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Hospital readmissions nearly two times more likely for people with intellectual and developmental disabilities and mental illness than those with mental illness alone

November 15, 2017 Toronto

The 30-day all-cause hospital readmission rate in people with mental illness and intellectual and developmental disabilities (IDD) is 15 per cent, 1.7 times higher than mental illness alone, according to a new study from the Institute for Clinical Evaluative Sciences (ICES).

The rate of all-cause hospital readmissions (meaning that the cause of the readmission does not need to be related to the cause of the initial hospitalization) within 30 days of discharge is an important indicator of health system performance and decreasing the rate is a priority for both Canadian provincial and American state hospitals.

Care quality concerns for people with intellectual and developmental disabilitiesClick image to enlarge

“A potential way to prevent readmission in people with IDD and mental illness is to flag members of this group during admission in order to target their unique health and social care needs,” says Robert Balogh, lead author of the study, adjunct scientist at ICES and assistant professor in the Faculty of Health Sciences at the University of Ontario Institute of Technology.

The study published today in Psychiatric Services is the first to look at readmission rates in individuals with IDD and a comorbid mental illness. The researchers examined the data of 66,484 adults with IDD from Ontario and created two groups: individuals with IDD only and those with IDD and mental illness and compared them to individuals with mental illness only.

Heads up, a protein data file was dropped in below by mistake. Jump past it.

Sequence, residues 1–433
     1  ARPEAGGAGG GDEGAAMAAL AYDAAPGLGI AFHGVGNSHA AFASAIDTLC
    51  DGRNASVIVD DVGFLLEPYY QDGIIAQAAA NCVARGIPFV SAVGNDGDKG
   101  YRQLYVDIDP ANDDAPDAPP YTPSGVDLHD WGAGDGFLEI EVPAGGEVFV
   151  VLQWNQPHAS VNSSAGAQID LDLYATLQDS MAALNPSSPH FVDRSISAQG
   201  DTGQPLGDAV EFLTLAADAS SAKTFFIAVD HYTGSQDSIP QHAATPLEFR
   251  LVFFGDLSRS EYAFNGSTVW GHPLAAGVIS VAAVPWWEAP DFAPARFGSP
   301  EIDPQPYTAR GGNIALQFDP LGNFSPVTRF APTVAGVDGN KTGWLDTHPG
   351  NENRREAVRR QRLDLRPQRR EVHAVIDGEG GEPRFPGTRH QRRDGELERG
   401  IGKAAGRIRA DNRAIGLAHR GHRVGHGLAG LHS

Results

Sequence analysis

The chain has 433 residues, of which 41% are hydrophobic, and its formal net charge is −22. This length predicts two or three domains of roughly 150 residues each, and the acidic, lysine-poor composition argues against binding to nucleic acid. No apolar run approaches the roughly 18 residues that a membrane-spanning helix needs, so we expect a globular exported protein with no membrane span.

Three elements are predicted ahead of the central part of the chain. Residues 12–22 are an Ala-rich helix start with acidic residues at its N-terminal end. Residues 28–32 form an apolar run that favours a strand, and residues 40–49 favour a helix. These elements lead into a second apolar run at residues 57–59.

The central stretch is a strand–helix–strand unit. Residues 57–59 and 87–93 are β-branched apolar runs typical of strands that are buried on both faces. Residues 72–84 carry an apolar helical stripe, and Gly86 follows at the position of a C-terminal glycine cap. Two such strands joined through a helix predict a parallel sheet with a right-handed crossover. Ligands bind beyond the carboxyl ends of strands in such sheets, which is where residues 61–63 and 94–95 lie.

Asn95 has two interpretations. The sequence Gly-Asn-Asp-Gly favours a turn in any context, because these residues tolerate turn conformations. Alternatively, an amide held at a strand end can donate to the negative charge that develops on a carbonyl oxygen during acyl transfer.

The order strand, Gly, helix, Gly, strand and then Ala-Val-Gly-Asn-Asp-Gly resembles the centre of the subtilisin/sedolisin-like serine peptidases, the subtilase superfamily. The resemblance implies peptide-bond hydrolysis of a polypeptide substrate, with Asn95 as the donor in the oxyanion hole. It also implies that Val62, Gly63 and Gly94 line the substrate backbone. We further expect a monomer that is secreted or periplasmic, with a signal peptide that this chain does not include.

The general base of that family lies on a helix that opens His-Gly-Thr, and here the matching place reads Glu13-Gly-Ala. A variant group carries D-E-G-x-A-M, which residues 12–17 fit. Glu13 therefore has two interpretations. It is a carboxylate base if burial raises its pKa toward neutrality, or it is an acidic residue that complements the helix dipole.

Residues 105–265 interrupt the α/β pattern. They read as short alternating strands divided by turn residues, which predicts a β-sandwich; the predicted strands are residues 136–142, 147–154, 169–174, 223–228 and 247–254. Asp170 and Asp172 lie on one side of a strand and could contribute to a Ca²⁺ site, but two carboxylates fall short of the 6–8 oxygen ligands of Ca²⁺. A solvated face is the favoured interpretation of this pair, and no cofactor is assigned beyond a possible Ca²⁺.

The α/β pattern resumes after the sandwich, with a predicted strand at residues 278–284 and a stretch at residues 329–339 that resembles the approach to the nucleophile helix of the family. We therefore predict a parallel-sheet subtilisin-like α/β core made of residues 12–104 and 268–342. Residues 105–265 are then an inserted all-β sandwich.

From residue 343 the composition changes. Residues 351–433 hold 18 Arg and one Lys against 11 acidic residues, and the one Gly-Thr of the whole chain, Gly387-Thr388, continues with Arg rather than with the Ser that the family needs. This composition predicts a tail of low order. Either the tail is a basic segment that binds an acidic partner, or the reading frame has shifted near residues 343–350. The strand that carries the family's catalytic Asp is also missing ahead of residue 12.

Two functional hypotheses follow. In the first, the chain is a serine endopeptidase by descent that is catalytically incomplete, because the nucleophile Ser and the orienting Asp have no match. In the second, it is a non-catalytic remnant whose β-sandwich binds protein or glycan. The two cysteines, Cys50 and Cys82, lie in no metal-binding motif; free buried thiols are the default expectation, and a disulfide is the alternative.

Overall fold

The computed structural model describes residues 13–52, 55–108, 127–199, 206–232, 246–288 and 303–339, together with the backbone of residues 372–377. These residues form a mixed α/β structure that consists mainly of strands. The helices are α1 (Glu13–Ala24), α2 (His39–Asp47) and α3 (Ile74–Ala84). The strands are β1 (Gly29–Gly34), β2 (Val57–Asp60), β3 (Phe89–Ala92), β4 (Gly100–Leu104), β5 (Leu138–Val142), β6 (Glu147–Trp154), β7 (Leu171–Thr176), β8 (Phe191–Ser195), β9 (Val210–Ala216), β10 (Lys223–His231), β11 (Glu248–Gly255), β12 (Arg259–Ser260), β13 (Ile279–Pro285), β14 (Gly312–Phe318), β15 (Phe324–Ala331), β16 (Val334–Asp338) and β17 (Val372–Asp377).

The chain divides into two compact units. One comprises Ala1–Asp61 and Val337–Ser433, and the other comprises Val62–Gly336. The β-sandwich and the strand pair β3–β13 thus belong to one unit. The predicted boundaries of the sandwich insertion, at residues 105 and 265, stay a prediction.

“It is too late at the time of discharge to consider what is most appropriate for someone with IDD. We have to look at these patients in a unique way right from the day they are admitted in order to plan for an appropriate and well supported transition back to the community. We know they are at greater risk of returning, so we have to do more to set up successful discharges. Otherwise, it is that much more traumatic and costly to bring them back,” says Yona Lunsky, director of the Health Care Access Research and Developmental Disabilities (H-CARDD) research program, co-author of the study and adjunct scientist at ICES.

The researchers add that appropriate community-based housing options with access to specialized clinical supports are needed to facilitate successful hospital discharges to the community.

This study is part of the Health Care Access Research in Developmental Disabilities (H-CARDD) Program.

“All cause, 30-day readmissions among persons with intellectual and developmental disabilities and mental illness,” was published today in Psychiatric Services.

Author block: Balogh RS, Lin E, Dobranowski K, Selick A, Wilton A, Lunsky Y.

The Institute for Clinical Evaluative Sciences (ICES) is an independent, non-profit organization that uses population-based health information to produce knowledge on a broad range of health care issues. Our unbiased evidence provides measures of health system performance, a clearer understanding of the shifting health care needs of Ontarians, and a stimulus for discussion of practical solutions to optimize scarce resources. ICES knowledge is highly regarded in Canada and abroad, and is widely used by government, hospitals, planners, and practitioners to make decisions about care delivery and to develop policy. For the latest ICES news, follow us on Twitter: @ICESOntario

FOR FURTHER INFORMATION PLEASE CONTACT:

Deborah Creatura
Media Advisor, ICES
deborah.creatura@ices.on.ca
(o) 416-480-4780 or (c) 647-406-5996


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